By Kim McCullough
One Good Hustle, your latest novel, burst out of the gates and blew away the barriers between genres; it was long-listed for the Giller, as well as short-listed for the prestigious CLA award for Young Adult Book of the Year. What do you think it is about One Good Hustle that has such a cross-generational appeal?
These nods from juries have been a big surprise for me. I don’t gravitate toward the sort of “Big Themes” that juries tend to enjoy. The wars I write about take place in the living room. They involve people close to home because that’s where I find my sense of immediacy.
Telling this story in a 16-year-old’s voice was something of a leap of faith. It felt natural and visceral, but I wondered if somehow that voice would place the whole thing in a kind of neither/nor place and find no readers whatsoever. It’s surprising to me that teenagers are interested. The YA books I hear about usually involve witches and vampires —or at least a dystopian future.
One Good Hustle follows some of the tropes of a YA novel: Teen protagonist, lack of parents, a bit of romance — yet it was never specifically designated as YA. Was this a deliberate choice, or not even an issue?
I wasn’t trying to appeal to a young reader at all. The first scraggly draft of One Good Hustle was a completely different story told from the point of view of Sammie in her 30s. It wasn’t working. The only chunks that did work were the flashbacks, all of which were about Sammie as a young girl. My editor suggested that I put it aside for a while and let my subconscious work it out. I came back to her a year later with a hundred pages of 16-year-old Sammie — which came out in a finger-flying rush. She loved that version — it felt to her as it did to me: visceral and furious. I always intended an adult reader. And from what I understand Random House rejected a lot of cover ideas because they looked too YA.
It’s interesting to me that the relationship between Sammie and Drew could be considered a romance. From Sammie’s point of view, it’s a bit of an anti-romance. She’s not interested in sex, she’s interested in knowing one human being with whom she can’t take down the mask, divulge the truth of herself.
How do you feel about the marketing labels required by publishers and bookstores?
In a way, it’s odd that a 16-year-old narrator causes people to assume a 16-year-old reader. I wonder if it’s because of the female voice. Nobody suggested that Roddy Doyle’s Paddy Clark Ha Ha Ha or David Mitchell’s Black Swan Green were young adult books. Both stories told by young protagonists.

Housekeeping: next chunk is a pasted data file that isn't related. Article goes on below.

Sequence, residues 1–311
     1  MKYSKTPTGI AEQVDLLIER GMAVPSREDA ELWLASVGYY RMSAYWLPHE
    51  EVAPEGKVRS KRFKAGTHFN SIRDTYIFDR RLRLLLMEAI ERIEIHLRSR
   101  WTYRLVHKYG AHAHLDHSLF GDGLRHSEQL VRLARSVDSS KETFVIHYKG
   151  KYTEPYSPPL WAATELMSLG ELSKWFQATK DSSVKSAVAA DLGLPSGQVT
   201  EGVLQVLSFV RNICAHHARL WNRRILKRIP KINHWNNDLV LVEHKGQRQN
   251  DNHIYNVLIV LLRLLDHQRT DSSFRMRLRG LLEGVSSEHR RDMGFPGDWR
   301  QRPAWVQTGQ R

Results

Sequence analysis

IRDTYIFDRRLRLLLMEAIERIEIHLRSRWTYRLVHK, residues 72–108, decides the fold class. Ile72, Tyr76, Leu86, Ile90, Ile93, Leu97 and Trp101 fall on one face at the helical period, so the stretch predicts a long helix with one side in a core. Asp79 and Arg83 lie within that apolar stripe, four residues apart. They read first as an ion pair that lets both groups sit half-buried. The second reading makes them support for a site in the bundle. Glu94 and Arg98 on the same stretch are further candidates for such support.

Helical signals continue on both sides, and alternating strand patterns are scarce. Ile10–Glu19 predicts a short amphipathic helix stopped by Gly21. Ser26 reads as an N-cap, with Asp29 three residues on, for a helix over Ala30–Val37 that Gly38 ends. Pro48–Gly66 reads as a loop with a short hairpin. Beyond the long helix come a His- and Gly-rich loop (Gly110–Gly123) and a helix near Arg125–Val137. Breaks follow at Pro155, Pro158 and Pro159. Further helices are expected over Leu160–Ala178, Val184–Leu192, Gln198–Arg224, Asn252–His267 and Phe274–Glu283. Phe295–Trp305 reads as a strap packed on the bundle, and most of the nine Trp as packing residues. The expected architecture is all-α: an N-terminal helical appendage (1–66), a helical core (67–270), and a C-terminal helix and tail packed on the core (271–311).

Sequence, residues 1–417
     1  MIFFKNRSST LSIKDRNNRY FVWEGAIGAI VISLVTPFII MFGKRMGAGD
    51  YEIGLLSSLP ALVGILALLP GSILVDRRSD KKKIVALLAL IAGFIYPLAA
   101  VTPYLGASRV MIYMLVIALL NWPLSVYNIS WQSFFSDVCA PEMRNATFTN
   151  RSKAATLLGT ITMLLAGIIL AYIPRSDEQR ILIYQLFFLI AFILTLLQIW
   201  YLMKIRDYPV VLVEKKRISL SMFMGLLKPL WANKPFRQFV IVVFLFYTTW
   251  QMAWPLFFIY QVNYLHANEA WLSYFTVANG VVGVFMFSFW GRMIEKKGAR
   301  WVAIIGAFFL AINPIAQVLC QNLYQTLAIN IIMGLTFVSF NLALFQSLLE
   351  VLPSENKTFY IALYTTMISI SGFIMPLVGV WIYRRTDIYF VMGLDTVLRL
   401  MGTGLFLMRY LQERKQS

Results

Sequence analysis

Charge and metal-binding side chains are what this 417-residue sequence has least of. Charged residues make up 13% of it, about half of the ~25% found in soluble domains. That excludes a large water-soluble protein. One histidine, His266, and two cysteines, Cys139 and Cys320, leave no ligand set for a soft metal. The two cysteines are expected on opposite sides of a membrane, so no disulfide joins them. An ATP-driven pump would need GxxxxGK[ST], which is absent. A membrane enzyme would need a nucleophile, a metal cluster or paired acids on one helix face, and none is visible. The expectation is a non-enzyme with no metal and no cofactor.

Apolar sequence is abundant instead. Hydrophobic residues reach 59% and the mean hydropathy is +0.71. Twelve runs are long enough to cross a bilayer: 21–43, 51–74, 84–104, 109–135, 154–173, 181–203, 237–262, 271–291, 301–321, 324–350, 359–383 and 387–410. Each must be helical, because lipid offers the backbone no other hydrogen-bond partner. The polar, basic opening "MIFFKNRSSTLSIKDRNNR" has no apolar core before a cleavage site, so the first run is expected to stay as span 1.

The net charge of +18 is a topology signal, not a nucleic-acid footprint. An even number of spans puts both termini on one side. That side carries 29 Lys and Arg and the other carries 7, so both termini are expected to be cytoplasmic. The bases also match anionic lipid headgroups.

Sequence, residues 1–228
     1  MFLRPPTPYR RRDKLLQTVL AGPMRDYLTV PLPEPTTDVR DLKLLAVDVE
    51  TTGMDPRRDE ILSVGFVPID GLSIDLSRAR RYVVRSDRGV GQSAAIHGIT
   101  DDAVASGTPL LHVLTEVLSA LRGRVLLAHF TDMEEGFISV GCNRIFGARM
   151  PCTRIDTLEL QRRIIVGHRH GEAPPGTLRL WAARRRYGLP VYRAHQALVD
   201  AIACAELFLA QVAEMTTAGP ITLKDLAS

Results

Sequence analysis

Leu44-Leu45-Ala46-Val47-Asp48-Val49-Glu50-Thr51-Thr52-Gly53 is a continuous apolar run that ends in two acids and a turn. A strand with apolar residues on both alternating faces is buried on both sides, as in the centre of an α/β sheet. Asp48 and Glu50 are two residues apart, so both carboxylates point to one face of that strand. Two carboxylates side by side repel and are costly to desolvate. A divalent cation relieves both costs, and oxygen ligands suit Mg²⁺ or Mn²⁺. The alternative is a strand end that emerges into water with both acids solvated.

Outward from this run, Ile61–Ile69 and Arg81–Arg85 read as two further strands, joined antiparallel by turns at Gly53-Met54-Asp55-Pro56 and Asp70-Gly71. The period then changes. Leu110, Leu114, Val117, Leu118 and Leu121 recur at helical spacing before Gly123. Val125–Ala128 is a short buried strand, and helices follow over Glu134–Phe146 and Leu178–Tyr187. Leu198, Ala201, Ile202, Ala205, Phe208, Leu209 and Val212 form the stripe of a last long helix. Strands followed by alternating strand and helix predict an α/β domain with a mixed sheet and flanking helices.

I find the creation of a YA genre a little ridiculous, frankly. Catcher in the Rye was certainly never written as a “YA novel”. It was adult fiction. But teens related. The issues that were being tackled, themes like social class, poverty, wealth, external judgment, isolation, prostitution (sexual and otherwise) — these are things that affect us all regardless of our age. The thing I find annoying about YA fiction is the perceived need to write down to a younger mind.
There is a movie based on the character Marlene (Sammie’s mother) that is being filmed right now. Tell me a little bit about that. Are you involved beyond writing the original novella?
When I was first re-writing One Good Hustle, I was banging out short stories, putting Sammie through her paces to make sure I knew her. Meanwhile I got an email from Melanie Little who was editing a new YA series and she was looking for “edgy”, “gritty” stories told in the first person by a teenager. I had several of them in front of me so I thought what the hell, I’m broke. I reworked one and sold it. Before the story came out (as half of a flip-book), I heard from Ana Valine, an old acquaintance from the film business. She was interested in optioning my first novel, Going Down Swinging, with an eye to directing and producing it as a feature film. In the end, she wondered if the novel was too ambitious for her first and asked if she could read a few of my short stories. I showed her the Marlene story. She fell in love and bought the film option a few weeks later. I was not involved with the process beyond that.
Does your acting career influence your writing?
I don’t have an acting career anymore. I used to audition and do small roles here and there, but these days I just use film as a fall-back. I’m a union member so extra-work and stand-in work are the best paying unskilled labor jobs I know of. I suppose, though, that what you learn as an actor are tools similar to those you need as a writer. The actor’s notion of using “emotional recall” in order to generate a parallel for the characters he or she plays is really important when you are trying to create a character who feels authentic and fleshed out.
I once had a writing instructor (Peter Oliva, who wrote The City of Yes) who taught the importance of searching out the subconscious obsessions in our writing: themes that repeat; symbols that come back time and again; characters we revisit in different ways. Have you noticed any obsessions in your own writing? Any underlying similarities in your characters?
I write about families over and over. The novels have tended to have an emphasis on mother-daughter relationships: wild-child women, mothers who don’t “behave,” addiction, social class, religion, vulnerable kids.
Who is your author crush?
Flannery O’Connor is a big one for me. She is funny and pointed and ferocious. She takes no shit and no prisoners.
What is the best writing advice you’ve been given?
Use the AIC method: Ass In Chair. It’s the only way it’s going to get done.
(See Kim McCullough’s review of One Good Hustle here.)